Adams Papers
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From Abigail Smith Adams to Mercy Otis Warren, 9 August 1812

Quincy August 9th 1812

my dear Madam

After I returnd from your hospitable Mansion where the scenes of former days were pleasin[g]ly renewd I had the Subjects of contraversy between two ancient Friends and upon a review—I must Candedly Say that I judged both in the wrong, and am certain if personal intercourse from unavoidable circumstances had not been obstructed, neither party would so have judged, or so have written—

I <was> can however assure my Friend that no personal animosity exists in the Breast of <my> the person who considerd himself as injured—altho he cannot but regret that <he> his principles and actions Should thus be transmitted to posterity by the Elegant pen of mrs Warren, Whose sentiments and opinions So cordially harmonized with his own in former days—

a Reluctance I have felt at touching a subject where I was So delicatly situated, has prevented <my> the expression of my Sentiments untill I have found that my silence might be misconstrued—

I cannot my Dear Madam but express my regret at the intemperate conduct of Some of the inhabitants of the Ancient and respectable Town of Plimouth—the Lawless conduct of the Baltimore Mob—and the not less indiscreet conduct of those who were the occasion of it—ought to be a lesson to every Americn to cleave to the <constituded ends [. . .]> Laws and the Government as the Horns of the Alter.

How Shall the voilence of party Spirit be guelld, and the Spirit of animosity <which> to which it gives rise, <be> softned down into a [Sacred] regard for the honor interest & Liberty of our dear and beloved Country—now threatned to become a scene of discord hatred and Revengelet the cool wisdom of Age check the fiery ardour of youth and let not that Religion which proclaims Peace on Earth and good will to man, be prostituded to kindle and spread abroad false political Doctrines, <practical> and incenderay Newspaper publication, & pamphlets—instead of subordination to rulers—and Submission to Government. I am to sorry to Say Such discourses I have heard from the pulpit. what can we expect from the flock when the pastor thus misleads them?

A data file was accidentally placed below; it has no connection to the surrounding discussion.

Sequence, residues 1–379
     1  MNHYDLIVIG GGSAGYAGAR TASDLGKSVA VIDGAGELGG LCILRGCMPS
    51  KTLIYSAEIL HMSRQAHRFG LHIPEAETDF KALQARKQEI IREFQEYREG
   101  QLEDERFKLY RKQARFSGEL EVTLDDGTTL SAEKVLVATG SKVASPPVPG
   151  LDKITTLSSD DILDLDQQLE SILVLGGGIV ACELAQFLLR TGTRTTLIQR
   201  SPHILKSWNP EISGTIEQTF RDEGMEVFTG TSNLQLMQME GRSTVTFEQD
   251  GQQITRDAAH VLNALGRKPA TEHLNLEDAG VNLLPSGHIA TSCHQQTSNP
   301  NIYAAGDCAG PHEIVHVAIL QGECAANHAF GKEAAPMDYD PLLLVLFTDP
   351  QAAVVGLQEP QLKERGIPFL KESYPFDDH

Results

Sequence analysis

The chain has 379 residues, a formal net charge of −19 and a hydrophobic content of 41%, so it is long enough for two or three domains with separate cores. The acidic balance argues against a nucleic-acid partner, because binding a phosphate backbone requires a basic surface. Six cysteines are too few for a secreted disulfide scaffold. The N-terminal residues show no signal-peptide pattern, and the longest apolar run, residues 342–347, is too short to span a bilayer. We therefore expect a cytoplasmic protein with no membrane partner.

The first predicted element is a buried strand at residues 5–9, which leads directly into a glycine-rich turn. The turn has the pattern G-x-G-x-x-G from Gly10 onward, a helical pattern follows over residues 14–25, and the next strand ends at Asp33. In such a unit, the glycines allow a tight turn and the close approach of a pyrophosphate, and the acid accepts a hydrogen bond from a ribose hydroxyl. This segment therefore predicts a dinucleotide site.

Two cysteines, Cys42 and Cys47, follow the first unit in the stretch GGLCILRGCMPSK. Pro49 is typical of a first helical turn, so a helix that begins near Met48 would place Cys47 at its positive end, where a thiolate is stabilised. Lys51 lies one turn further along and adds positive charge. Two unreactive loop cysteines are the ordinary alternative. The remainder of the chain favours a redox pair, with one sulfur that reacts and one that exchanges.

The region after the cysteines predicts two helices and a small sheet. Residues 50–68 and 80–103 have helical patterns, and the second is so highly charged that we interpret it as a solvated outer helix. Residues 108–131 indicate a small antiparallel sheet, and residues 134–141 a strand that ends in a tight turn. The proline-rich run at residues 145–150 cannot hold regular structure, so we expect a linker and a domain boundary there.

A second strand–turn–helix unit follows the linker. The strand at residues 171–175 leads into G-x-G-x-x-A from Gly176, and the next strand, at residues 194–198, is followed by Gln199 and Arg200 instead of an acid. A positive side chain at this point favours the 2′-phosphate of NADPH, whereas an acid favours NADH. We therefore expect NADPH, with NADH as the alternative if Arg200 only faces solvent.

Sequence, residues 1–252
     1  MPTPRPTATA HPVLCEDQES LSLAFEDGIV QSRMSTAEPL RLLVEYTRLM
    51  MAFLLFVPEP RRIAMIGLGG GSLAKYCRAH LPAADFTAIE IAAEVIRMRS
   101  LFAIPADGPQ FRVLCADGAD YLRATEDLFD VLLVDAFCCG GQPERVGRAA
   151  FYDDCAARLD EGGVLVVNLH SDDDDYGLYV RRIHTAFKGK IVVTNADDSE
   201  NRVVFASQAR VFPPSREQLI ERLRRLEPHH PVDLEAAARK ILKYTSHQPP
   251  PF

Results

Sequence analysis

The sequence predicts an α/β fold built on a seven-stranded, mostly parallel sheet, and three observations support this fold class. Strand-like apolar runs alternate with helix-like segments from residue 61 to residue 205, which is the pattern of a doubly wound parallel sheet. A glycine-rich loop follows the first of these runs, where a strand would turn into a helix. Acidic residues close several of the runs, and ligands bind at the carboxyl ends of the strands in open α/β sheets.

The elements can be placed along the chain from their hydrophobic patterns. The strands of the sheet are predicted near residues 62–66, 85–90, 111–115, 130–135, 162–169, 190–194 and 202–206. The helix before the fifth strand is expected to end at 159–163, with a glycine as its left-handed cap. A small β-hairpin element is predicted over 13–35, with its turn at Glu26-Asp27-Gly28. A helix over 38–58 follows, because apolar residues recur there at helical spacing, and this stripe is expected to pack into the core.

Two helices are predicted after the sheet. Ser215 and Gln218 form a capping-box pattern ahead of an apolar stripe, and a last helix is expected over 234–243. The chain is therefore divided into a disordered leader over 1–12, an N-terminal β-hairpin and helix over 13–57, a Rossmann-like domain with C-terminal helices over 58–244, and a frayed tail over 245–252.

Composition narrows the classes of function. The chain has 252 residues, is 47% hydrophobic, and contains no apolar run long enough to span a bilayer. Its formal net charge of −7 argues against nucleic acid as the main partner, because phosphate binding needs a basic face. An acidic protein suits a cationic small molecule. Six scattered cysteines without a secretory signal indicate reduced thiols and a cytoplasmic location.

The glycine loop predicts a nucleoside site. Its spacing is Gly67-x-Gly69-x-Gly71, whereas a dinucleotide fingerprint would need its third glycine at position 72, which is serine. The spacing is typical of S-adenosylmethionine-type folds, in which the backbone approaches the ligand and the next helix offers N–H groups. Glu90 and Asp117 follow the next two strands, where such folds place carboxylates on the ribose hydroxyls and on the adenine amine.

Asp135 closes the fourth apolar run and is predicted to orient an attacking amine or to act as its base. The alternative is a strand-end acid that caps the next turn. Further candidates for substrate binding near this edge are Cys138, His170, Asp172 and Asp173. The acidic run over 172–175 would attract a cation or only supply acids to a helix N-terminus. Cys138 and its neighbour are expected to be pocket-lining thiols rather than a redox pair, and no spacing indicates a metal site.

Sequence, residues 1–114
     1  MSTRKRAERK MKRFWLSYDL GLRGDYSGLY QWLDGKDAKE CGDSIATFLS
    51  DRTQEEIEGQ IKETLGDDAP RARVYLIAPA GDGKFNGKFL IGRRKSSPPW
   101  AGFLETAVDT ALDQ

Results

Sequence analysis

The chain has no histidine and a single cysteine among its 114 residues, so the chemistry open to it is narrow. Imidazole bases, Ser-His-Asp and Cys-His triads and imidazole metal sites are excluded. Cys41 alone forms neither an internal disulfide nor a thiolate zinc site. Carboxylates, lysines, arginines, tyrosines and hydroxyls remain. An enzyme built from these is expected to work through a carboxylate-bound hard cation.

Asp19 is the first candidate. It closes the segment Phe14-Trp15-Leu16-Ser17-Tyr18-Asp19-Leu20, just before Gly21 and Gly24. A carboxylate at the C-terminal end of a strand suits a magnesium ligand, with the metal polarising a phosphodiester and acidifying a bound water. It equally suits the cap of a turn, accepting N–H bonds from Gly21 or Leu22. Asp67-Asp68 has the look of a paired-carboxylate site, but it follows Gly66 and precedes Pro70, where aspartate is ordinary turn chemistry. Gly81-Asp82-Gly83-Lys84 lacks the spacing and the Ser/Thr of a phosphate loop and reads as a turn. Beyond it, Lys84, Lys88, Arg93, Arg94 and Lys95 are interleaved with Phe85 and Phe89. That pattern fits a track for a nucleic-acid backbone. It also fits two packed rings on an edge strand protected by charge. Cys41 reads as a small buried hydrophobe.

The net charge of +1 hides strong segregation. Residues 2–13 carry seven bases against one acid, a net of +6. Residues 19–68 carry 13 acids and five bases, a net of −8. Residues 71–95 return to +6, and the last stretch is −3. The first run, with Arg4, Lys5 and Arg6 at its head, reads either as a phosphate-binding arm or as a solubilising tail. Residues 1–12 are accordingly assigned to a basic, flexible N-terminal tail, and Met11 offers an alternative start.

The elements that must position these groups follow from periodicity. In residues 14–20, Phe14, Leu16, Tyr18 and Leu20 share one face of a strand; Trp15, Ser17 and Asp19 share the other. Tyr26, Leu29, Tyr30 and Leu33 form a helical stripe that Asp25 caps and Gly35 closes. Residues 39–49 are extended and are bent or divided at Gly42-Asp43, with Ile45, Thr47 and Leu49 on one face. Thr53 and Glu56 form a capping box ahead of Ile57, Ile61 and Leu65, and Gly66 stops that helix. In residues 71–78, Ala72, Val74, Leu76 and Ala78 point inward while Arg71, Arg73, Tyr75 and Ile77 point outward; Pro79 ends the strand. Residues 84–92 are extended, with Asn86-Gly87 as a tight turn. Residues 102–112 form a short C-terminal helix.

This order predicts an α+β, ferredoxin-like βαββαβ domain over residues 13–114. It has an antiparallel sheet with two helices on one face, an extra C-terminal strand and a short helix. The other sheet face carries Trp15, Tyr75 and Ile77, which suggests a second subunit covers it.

my daughter & grandaughter left me last week. I need not Say how reluctantly I parted with <Mrs> them. they will always remember the visit they made to you and your Family with pleasure—I pray you to present my kind Regards to your Sons and Daughter & the whole Family and if I may as a Friend be permitted to Say a word to them by way of advise it is, let your moderation be known to all [men] Still the tumult of the people—that peace may be within our borders and prosperity within our habitations—

My Son will present you this Letter he has lately had a very ill turn from which he is but just recovering—and his Children have been Sick with the Scarlet fever the Eldest dangerously So. I was in hopes that my daughter would have been able to have accompanied him, that I might have had the pleasure of introducing to you, a woman wo[r]thy of your acquaintance, and She of Seeing not only the most ancient Friend now living of her parents, but a Lady So highly Esteemd and distinguishd by her literary talents and acquirements & whose mind old Time has not yet been able to Subdue at four Score

I am my dear and / venerable Friend / Yours with Love and / Esteem

A Adams

MHi: Adams Papers.

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